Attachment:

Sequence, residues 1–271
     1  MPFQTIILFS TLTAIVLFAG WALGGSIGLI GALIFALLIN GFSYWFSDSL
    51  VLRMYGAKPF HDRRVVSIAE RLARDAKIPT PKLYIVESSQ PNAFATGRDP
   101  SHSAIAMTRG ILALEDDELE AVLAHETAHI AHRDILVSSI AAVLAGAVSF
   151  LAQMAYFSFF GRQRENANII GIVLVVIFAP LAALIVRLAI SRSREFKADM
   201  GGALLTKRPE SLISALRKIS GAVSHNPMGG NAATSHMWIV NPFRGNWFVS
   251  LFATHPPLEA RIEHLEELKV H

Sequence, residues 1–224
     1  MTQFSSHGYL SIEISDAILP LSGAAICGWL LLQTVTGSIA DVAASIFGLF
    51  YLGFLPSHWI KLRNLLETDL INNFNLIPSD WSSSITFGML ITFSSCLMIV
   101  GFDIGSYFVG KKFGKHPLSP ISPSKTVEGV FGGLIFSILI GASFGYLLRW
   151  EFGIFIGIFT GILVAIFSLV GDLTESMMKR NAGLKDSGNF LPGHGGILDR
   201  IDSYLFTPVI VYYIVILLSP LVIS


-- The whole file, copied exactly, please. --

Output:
Sequence, residues 1–271
     1  MPFQTIILFS TLTAIVLFAG WALGGSIGLI GALIFALLIN GFSYWFSDSL
    51  VLRMYGAKPF HDRRVVSIAE RLARDAKIPT PKLYIVESSQ PNAFATGRDP
   101  SHSAIAMTRG ILALEDDELE AVLAHETAHI AHRDILVSSI AAVLAGAVSF
   151  LAQMAYFSFF GRQRENANII GIVLVVIFAP LAALIVRLAI SRSREFKADM
   201  GGALLTKRPE SLISALRKIS GAVSHNPMGG NAATSHMWIV NPFRGNWFVS
   251  LFATHPPLEA RIEHLEELKV H

Sequence, residues 1–224
     1  MTQFSSHGYL SIEISDAILP LSGAAICGWL LLQTVTGSIA DVAASIFGLF
    51  YLGFLPSHWI KLRNLLETDL INNFNLIPSD WSSSITFGML ITFSSCLMIV
   101  GFDIGSYFVG KKFGKHPLSP ISPSKTVEGV FGGLIFSILI GASFGYLLRW
   151  EFGIFIGIFT GILVAIFSLV GDLTESMMKR NAGLKDSGNF LPGHGGILDR
   201  IDSYLFTPVI VYYIVILLSP LVIS